We are instructed to offer a “sacrifice of praise” in Hebrews 13:15. Usually I gloss over that line. Yeah, yeah, praise and Thanksgiving, blah blah blah. Yet, it deserves more consideration than a shrug of the mind.
“Sacrifice” has multiple meanings depending on the context. Between God and Man, it most often describes a bridging action from man to God which recognizes power (of God, of Law), the deviation from Law (due to intentional action or omission), and the need for the disparity between what is good and holy and what is not. Traditionally, we could not approach God directly. Nothing that is not “clean” or “holy” may. So, the regulations surrounding different forms of sacrifices described in Jewish Law serve to clean the pathway between God and Man so that we may approach Him.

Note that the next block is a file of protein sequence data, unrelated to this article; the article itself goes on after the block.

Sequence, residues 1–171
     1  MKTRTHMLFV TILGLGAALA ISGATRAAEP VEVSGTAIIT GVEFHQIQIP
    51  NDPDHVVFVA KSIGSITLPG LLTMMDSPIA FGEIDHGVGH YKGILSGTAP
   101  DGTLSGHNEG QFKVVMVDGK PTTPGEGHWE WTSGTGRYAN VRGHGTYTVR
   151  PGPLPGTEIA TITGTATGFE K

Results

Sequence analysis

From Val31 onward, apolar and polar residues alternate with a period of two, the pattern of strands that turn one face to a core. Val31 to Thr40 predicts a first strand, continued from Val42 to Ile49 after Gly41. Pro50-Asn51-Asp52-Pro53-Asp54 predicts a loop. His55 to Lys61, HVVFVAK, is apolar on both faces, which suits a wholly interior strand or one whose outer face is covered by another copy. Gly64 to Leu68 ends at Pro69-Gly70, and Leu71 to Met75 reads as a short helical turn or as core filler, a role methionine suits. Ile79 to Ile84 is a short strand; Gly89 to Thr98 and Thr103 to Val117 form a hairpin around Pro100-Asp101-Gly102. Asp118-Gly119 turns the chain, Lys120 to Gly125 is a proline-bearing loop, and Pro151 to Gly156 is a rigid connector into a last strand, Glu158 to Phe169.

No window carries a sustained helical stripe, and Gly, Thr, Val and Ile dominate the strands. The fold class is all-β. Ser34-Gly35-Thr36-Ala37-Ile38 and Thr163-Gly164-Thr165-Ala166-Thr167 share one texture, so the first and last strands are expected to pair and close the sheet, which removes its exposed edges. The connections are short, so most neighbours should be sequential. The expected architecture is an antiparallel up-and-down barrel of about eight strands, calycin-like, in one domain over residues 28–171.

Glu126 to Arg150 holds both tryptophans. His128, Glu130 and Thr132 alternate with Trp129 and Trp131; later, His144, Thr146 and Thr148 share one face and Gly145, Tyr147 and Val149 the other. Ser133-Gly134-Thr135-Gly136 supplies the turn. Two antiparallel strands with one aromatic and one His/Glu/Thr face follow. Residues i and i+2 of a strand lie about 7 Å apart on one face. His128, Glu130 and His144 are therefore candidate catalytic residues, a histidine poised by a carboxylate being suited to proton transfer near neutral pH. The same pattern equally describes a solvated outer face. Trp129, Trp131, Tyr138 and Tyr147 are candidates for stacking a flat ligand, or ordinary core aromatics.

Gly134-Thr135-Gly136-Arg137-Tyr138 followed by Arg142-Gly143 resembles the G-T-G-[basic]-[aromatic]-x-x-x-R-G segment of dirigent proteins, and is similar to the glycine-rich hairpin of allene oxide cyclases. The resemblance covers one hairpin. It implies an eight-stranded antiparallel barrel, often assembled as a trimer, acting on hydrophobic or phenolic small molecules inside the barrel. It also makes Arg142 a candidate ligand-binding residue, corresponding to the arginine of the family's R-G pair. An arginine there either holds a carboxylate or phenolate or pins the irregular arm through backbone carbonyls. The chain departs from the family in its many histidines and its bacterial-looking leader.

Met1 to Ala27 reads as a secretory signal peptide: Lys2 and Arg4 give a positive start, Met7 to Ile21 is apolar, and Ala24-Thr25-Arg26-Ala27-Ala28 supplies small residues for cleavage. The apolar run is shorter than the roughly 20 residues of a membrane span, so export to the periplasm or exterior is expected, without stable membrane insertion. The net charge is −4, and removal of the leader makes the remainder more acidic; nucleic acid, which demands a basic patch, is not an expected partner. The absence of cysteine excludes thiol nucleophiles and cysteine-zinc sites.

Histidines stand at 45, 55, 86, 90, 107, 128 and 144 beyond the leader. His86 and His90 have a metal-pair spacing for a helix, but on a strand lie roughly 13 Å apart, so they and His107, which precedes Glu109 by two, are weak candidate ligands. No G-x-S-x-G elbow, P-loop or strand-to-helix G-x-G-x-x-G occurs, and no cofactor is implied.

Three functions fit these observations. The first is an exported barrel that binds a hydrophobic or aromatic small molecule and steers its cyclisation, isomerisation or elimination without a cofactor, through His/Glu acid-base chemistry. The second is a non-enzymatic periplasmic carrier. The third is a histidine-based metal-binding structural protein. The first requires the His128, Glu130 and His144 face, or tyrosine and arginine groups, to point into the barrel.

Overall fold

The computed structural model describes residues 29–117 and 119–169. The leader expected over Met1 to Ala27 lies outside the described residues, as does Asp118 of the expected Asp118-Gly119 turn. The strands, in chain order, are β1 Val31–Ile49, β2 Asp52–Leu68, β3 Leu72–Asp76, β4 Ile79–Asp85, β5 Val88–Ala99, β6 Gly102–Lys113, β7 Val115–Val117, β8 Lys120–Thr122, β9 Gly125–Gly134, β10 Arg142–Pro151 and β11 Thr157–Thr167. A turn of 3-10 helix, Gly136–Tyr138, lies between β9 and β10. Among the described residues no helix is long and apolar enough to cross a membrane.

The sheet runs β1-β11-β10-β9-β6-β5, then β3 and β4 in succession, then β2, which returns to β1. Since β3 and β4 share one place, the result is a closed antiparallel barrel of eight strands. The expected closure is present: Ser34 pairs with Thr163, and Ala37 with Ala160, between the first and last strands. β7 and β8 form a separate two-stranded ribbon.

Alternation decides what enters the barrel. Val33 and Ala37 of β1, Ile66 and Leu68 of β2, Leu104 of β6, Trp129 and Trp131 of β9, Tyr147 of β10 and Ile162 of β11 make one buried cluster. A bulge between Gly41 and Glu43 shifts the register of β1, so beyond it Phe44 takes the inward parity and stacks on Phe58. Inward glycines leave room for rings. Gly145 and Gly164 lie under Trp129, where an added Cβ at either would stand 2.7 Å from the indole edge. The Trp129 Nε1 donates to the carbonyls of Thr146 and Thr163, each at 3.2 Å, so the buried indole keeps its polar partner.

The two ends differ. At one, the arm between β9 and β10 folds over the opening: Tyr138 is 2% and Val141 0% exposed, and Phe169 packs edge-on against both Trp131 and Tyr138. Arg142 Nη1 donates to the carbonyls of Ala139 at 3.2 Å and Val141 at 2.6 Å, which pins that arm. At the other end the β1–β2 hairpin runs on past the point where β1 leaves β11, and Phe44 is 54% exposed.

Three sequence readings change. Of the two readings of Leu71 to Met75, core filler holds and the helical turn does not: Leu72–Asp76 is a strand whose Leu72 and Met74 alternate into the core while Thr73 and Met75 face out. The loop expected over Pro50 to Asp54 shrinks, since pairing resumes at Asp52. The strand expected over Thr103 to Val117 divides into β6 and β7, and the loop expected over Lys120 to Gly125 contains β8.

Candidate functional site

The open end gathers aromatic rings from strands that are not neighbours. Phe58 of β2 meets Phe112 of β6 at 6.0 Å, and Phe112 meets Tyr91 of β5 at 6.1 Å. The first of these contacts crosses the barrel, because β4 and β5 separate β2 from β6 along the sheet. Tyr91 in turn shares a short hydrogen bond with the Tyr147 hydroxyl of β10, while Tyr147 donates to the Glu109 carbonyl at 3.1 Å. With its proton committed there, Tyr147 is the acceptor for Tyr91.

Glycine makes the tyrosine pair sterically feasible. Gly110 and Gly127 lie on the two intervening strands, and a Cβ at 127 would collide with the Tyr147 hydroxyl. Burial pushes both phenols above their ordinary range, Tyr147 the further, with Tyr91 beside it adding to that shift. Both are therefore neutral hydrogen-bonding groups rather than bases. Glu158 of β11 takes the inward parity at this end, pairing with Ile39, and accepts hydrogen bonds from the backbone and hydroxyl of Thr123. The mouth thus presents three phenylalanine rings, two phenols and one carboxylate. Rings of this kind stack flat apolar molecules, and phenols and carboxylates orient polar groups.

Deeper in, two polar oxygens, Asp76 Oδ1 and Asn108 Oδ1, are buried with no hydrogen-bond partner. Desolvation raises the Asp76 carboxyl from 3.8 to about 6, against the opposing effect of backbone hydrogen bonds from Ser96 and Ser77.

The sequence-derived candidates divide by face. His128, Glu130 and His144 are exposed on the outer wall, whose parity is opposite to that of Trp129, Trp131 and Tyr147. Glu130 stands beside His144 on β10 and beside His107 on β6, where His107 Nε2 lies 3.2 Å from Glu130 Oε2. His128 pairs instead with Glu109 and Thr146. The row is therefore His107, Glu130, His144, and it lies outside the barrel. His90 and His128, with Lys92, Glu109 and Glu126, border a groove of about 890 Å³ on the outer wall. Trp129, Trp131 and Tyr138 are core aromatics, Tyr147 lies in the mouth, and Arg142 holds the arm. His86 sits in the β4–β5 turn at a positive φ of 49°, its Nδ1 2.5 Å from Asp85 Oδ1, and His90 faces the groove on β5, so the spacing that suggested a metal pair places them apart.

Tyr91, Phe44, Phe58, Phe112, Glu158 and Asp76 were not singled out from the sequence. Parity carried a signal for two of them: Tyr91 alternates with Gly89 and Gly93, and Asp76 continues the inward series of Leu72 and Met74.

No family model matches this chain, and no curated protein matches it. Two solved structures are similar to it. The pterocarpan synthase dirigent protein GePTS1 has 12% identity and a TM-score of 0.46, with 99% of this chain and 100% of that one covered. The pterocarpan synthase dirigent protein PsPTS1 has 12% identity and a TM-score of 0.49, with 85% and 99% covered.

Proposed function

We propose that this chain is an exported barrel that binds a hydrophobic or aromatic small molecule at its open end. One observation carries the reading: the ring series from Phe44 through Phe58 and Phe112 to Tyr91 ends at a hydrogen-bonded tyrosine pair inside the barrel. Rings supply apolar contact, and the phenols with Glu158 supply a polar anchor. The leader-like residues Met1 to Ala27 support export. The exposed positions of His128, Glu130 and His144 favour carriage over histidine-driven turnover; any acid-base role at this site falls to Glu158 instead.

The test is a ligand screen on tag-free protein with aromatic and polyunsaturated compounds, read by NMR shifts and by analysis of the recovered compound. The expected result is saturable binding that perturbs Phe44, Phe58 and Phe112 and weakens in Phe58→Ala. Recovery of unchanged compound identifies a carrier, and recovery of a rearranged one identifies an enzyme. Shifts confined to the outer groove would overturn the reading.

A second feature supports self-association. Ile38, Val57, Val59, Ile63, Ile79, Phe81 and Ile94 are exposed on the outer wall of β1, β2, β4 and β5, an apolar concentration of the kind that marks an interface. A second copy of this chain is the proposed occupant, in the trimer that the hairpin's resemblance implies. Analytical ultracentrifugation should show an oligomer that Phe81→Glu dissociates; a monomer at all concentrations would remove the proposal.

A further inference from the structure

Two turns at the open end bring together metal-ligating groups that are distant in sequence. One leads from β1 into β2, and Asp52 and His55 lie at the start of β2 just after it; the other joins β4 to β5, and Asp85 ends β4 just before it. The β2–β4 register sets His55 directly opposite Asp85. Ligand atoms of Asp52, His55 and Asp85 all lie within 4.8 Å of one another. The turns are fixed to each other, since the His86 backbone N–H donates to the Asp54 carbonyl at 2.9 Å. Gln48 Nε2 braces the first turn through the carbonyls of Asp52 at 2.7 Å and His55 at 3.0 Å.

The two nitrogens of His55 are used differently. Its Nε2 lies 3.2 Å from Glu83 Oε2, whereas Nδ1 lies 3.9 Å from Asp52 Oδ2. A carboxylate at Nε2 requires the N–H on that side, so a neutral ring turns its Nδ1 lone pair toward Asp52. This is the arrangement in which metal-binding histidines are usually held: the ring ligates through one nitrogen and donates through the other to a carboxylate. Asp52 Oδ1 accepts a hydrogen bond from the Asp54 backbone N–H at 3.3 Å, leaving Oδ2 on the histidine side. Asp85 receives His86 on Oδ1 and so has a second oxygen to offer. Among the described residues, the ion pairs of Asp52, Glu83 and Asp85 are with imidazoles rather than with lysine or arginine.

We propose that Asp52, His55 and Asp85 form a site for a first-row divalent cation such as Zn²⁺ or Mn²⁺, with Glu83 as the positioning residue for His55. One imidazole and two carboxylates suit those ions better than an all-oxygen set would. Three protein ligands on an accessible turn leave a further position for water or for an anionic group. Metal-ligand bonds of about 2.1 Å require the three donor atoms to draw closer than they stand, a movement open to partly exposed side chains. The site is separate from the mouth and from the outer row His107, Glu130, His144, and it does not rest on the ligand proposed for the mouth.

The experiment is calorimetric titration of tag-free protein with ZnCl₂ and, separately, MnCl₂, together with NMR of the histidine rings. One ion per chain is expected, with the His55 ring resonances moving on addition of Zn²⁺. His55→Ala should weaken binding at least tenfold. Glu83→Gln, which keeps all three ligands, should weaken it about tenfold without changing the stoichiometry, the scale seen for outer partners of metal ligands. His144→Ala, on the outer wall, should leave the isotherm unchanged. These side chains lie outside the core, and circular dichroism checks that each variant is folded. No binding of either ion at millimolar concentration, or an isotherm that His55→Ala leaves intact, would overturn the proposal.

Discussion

A Christian’s understanding of Jesus as the Messiah means that Christ became the consummate sacrifice meeting all criteria of the Law, permanently. Our individual requirements for guilt or thanksgiving sacrifices have been met, leaving us to offer only “sacrifices of praise.”
All we are asked to do is say “thanks be to God.” Yet, every time we complain about our circumstances, every time we submit to envy or jealousy or self-pity, we do not offer praise. In these negative acts, we shunt praise and prevent it from coming to our lips or hearts.
God does not want us to pretend that suffering is not part of life. He suffered Himself. He wants us to bring our suffering to Him in prayer, however, and not idly grouse and moan to others.
When we speak or think words of praise, we create space within which God can work. When we do not praise, we close ourselves off and prevent His actions.
If we come to him in prayer, acknowledging Him in our suffering and with our praise, we give Him permission to heal and strengthen. Praise is not merely an acknowledgement of faith or of God’s greatness — although that alone would be sufficient reason for praise — it is also our permission to Him for His work in our lives.